Massachusetts Institute of Technology (MIT) has developed the window of the future by integrating solar collectors directly into the glass pane. These new windows will not only provide a view and ambient light, but also harness the sunlight to power the home or building they are part of. MIT engineers report a new approach to harnessing the sun’s energy that could allow just that.
The work, which will be reported in an issue of Science, involves the creation of a unique “solar concentrator.” “Sun light is collected over a large surface (such as a window) and focused, or concentrated, at the edges,” explains Marc A. Baldo, leader of the work and the Esther and Harold E. Edgerton Career Development Associate Professor of Electrical Engineering.
The end result is that instead of covering the roof of a building with expensive photovoltaic cells (the semiconductor that converts sunlight into electricity), the solar cells only need to be around the edges of a flat glass panel. In addition, the focused light increases the electrical power obtained from each solar cell “by a factor of over 40,” Baldo says.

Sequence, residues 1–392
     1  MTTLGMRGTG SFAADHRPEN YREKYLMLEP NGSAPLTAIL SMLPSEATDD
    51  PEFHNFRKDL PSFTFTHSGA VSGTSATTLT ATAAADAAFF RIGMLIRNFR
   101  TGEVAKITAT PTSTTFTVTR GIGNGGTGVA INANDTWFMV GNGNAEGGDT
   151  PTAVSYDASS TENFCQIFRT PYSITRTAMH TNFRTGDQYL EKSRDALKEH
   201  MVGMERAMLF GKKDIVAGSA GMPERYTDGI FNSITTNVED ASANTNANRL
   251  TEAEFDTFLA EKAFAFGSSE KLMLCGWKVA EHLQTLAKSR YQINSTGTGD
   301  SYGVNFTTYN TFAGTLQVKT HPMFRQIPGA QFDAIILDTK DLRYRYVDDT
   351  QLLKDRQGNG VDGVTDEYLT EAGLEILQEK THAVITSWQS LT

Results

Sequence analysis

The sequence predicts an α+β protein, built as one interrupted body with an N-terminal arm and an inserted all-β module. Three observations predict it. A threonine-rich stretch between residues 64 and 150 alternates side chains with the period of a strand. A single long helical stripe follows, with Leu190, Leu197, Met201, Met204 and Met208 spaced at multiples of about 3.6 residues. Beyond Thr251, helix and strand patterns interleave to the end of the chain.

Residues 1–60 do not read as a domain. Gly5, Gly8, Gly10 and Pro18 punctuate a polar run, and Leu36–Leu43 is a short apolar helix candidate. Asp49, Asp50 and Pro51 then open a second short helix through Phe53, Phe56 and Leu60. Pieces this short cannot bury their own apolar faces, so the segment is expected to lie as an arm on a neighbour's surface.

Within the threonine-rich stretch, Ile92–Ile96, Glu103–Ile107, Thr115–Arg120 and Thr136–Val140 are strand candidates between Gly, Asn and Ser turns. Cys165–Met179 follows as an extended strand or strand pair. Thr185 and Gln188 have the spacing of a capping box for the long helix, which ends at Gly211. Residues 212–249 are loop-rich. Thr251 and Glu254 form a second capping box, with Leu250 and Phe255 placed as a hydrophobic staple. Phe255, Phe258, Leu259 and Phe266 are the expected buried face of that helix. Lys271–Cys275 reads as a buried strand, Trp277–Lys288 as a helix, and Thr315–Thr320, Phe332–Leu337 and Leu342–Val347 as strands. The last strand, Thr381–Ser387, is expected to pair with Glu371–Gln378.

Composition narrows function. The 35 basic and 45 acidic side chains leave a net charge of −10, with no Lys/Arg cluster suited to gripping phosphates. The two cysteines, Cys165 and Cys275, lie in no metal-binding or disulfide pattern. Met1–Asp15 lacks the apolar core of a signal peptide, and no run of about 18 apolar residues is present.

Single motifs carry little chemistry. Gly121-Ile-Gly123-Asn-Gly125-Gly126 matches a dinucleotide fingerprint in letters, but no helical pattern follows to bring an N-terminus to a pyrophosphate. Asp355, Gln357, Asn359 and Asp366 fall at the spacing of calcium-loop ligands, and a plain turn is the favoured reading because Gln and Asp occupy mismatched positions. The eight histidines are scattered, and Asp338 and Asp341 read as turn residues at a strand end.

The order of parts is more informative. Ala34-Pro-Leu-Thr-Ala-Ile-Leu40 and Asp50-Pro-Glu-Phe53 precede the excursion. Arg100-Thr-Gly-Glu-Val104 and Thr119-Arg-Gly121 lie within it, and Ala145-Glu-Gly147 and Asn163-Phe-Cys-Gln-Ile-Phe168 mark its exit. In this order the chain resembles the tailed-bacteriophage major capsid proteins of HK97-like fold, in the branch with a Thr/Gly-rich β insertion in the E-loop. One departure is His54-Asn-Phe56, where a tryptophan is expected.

This technology is a huge advancement for solar generation because the system is easy to manufacture, and the MIT development team believes that it could be implemented within three years. The system could even be added onto existing solar-panel systems to boost their power generation by 50 percent for a low installation cost. This is a huge developmental step toward reducing the cost of installing solar electricity generation methods into existing buildings.
Read the complete story, video, images at the MIT Web Site